Get several feet of string, wrap it around all the blades, and pull the string until snug. You may want to have two people involved – one pulling and looping the string, and the other holding up all the grass. Once all the grass is held together with string, it’s much easier to take your shears in for a nice chop-chop!
Cutting back, or pruning your ornamental grass is essential to prevent the grass from dying in the middle. If that happens, you’ll be left with a sad-looking grass doughnut (ew). We’re assuming that’s not what you’re going for!
This doughnut can also appear when the plant is ready to be divided. This happens every 3-5 years. When you’re ready to divide the plant, moisten everything thoroughly, dig up the plant, separate the grasses at the root ball, and, presto! You now have more ornamental grass babies! They grow up so quickly… (but really).
Where Do Ornamental Grasses Belong?
Ornamental grasses can bring your yard that extra “zing” just about anywhere. Different types of grass prefer different environments, so be sure to place them accordingly. Although they can tolerate a wide variety of conditions, most prefer plenty of open sun with at least 8 hours per day. That means a southern exposure would be best for most ornamental grasses.
Other grasses do better in the shade, and almost all ornamental grasses need to be well-drained. You can plant them in pots with other flowers such as petunias for a dazzling display. Just be sure to use an unglazed, or lighter-colored pot with drainage holes. That keeps the plant from burning from the reflections of the sun. Ouch!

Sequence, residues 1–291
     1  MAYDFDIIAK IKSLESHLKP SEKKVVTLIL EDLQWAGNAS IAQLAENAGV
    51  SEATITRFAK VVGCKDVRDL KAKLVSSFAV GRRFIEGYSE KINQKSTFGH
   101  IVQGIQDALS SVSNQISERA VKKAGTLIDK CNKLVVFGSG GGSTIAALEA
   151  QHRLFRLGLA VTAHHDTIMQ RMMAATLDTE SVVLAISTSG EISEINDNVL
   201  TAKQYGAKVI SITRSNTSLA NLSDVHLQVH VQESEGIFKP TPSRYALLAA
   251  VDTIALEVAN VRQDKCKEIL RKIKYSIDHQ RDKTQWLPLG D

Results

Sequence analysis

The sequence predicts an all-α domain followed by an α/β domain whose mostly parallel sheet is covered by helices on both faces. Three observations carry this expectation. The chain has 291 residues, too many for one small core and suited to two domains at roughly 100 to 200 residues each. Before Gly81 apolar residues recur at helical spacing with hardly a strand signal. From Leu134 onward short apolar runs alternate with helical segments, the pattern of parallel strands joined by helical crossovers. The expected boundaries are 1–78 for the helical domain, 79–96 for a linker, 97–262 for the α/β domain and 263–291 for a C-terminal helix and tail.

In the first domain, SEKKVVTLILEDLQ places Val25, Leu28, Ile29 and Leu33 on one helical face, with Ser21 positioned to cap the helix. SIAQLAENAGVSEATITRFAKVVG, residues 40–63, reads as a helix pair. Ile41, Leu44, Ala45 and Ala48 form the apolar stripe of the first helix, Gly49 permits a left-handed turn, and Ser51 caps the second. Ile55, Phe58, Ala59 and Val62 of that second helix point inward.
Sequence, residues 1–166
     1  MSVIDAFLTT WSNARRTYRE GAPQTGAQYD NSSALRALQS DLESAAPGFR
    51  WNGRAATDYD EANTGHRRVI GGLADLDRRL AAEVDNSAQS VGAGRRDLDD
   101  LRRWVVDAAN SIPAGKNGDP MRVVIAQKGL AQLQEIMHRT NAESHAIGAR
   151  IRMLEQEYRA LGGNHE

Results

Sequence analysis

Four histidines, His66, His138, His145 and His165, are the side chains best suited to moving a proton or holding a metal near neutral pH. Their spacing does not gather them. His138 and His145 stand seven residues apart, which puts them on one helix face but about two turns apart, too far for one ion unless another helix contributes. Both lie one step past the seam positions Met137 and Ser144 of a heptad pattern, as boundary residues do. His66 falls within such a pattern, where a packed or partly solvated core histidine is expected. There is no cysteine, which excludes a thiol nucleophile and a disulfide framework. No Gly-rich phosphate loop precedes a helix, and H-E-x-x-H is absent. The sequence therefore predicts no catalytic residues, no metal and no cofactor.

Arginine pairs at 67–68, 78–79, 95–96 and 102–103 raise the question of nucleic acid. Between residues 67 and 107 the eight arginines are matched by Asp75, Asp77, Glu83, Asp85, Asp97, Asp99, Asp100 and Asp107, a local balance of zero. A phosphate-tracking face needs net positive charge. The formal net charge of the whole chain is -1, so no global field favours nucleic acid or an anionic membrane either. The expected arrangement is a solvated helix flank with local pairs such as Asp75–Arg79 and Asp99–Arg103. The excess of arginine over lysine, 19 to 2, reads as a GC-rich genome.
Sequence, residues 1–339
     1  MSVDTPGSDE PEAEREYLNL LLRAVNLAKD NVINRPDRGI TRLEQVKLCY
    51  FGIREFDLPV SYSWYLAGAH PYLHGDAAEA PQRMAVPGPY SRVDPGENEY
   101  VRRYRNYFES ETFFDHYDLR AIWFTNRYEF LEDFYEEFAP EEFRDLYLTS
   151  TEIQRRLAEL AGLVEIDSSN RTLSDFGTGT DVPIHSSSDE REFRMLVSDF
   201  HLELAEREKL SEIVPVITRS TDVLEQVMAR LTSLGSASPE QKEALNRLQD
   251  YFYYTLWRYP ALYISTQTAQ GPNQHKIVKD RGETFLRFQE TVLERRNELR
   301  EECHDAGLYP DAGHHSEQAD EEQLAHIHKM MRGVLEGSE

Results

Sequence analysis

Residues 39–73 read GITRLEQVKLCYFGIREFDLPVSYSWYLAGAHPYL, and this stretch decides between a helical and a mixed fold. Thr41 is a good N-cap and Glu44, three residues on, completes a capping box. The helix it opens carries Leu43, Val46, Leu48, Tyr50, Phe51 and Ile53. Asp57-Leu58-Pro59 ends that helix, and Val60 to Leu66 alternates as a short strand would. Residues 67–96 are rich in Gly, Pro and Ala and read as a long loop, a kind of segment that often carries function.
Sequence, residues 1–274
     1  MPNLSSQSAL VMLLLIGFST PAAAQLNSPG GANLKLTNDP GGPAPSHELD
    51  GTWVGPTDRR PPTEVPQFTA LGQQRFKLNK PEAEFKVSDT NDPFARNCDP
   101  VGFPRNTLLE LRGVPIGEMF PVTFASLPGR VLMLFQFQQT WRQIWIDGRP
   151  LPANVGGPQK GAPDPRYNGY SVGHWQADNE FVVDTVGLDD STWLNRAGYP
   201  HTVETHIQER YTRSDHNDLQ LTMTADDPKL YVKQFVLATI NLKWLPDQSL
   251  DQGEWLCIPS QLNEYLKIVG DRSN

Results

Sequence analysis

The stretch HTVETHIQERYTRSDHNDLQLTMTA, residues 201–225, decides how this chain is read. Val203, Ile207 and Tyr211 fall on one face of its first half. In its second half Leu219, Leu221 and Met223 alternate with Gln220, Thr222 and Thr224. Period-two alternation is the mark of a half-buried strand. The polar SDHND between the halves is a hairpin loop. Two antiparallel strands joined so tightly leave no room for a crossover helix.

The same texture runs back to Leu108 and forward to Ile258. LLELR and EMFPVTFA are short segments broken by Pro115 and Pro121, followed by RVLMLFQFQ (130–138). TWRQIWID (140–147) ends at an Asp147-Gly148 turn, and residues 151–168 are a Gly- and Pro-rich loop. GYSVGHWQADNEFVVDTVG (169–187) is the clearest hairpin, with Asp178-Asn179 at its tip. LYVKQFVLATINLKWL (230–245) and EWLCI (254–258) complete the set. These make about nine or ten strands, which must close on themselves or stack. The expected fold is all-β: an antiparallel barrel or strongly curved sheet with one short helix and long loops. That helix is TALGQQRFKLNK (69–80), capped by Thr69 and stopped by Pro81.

Ornamental Grass - Big Growth, Little Effort
Now you’re ready to plant a plethora of ornamental grasses! By strategically placing bundles of ornamental grasses throughout your landscape, your yard will gain that extra “something-something” that you didn’t know you were missing.
Maintaining ornamental grass is easy and if you follow our recommendations above, you should see growth from about 6 to 12 feet annually (depending on the type of ornamental grass you choose.)
Add them in pots to spruce up your entryway, or line them up along the edge of your property to give your landscape the extra pop it deserves. Work in some petunias for the ultimate “wow-factor!” You and your neighbors will be glad you did.
Liked This Blog?
Share with a friend!
Your lawn is lovely, with tall trees and beautiful hardscaping. The wind is whispering, and your aspens are singing. However, you may feel like there’s
If you’ve been on a drive through the Rocky Mountains, you have certainly seen patches of aspen trees here and there. Their leaves change color
Everyone needs a haircut at some point, and so do our plants! Deadheading is when you prune (or cut) seed heads and dying parts off
How do you know when it’s time to repot your plants? Are your seedlings ready to grow outside? We’ll answer those questions, plus many more
Let’s look at choosing native grasses for your landscape – they will help reduce maintenance, irrigation needs and mowing which can save you some green